When we live with pain on a daily basis, we often wonder if a new pain is something we should be concerned about. It can be particularly difficult to tell if you have a condition like fibromyalgia, where the pain typically moves around from day to day. Right or wrong, most of us wait to see if the pain gets worse before getting it checked out. But when it's chest pain, we naturally wonder if we could be having a heart attack. Heart Attack Symptoms So how do we know when chest pain is something to worry about? Following are signs that can indicate a possible heart attack: • Uncomfortable pain, pressure, squeezing or fullness in the center of the chest that lasts more than a few minutes. • Discomfort that spreads to other areas of the upper body including the back, neck, jaw, stomach, shoulders, or one or both arms. • Shortness of breath. • Sweating, anxiety, nausea, or lightheadedness. • A feel...
This post has been provided by Paul of AnxietyGuru.com . As you may remember, last week, one of my posts appeared on the anxietyguru site and this week I am bringing you a post written by Paul. It is my hope that we can learn from shring and reading about different perspectives on anxiety.
Picture it, a nice sunny day and your sitting on a lawn chair under a big tree sipping lemonade when all of sudden you get a sharp jabbing pain in the center of your chest. You go from totally relaxed to "oh no!" in about 3 seconds. This is a very typical reaction to anxiety induced chest pain. Chest pain can create a swift and focused sensation of fear all over your body in what feels like an instant.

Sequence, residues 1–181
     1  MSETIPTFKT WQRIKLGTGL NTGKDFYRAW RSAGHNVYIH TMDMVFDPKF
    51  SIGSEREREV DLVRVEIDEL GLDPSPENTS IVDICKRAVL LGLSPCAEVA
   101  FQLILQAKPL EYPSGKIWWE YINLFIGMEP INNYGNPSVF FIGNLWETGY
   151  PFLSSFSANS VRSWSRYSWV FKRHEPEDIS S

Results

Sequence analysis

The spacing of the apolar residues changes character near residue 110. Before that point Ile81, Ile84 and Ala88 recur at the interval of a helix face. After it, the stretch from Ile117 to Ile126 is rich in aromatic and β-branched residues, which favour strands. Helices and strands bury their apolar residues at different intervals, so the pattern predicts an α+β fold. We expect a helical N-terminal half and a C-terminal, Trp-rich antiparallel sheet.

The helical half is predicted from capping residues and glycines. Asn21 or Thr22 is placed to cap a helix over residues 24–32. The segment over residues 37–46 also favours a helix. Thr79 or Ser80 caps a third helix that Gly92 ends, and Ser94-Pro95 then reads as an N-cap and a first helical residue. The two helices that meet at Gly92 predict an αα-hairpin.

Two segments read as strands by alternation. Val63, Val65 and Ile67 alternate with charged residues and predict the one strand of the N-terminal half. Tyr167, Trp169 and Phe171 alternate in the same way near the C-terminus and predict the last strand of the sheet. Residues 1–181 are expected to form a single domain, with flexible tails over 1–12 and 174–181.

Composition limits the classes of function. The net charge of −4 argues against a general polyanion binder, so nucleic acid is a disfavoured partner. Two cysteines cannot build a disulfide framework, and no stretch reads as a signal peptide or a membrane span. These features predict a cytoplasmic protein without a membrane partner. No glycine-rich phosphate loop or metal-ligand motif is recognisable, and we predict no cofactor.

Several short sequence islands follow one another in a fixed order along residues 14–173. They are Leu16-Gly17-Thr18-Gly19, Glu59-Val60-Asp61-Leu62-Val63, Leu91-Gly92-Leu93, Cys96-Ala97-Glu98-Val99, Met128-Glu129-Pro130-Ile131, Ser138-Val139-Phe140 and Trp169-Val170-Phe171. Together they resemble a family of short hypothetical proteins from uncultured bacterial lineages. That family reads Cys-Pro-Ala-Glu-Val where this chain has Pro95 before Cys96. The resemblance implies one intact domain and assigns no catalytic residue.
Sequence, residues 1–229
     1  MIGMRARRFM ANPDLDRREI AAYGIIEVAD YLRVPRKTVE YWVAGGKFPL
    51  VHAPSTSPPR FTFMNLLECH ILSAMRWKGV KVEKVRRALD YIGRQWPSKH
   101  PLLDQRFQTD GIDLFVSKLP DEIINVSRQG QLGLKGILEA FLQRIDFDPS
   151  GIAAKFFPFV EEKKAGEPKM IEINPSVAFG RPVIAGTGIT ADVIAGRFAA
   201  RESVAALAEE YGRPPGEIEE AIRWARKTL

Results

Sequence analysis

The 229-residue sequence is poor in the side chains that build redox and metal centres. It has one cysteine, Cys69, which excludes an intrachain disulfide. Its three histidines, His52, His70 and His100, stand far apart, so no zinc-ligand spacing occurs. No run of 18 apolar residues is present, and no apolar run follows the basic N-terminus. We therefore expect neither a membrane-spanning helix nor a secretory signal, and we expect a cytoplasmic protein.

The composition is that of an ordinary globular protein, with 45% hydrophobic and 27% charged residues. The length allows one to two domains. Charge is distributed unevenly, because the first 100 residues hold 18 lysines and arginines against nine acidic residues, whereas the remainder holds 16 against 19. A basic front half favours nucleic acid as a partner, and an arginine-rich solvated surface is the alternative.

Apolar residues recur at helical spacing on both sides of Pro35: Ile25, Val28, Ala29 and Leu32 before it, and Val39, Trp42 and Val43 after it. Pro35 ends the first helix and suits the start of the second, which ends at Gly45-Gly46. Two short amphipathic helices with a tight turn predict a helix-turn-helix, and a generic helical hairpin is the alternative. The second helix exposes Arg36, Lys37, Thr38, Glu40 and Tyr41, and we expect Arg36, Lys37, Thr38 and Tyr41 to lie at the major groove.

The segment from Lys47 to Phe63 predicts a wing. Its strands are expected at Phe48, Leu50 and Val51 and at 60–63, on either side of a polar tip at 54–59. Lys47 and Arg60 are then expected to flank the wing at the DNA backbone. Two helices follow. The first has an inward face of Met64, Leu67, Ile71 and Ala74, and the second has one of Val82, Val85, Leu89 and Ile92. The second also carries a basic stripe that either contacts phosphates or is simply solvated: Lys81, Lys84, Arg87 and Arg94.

Your first assumption is that you're having a heart attack and that you're going to die suddenly. After several minutes of experiencing chest pain, even though you haven't died just yet, you figure that it has to be something serious. Symptoms like chest pain may have even prompted you to visit ...
During breast cancer treatment, you may have different kinds of pain in your chest.
After surgery, you may feel a mixture of pain and numbness in your chest in the area where surgery was done. This is because nerves were unavoidably bruised, stretched, or cut during surgery. As the nerves grow back, you may feel strange, crawling sensations in your chest. Right after surgery, you may feel brief shooting pains in your chest. This is also because the nerves are irritated.
During and after radiation therapy, you also may feel brief shooting pains in your chest. Again, this is because the nerves are swollen and irritated.
If you have an implant in place and the tissues around it are stretched, you may feel more severe chest pain.
Managing chest pain
If you have chest pain after surgery or during or after radiation therapy, talk to your doctor. A number of medicines, including acetaminophen, ibuprofen, and opiates, can be used to ease pain.
Some complementary and holistic medicine techni...
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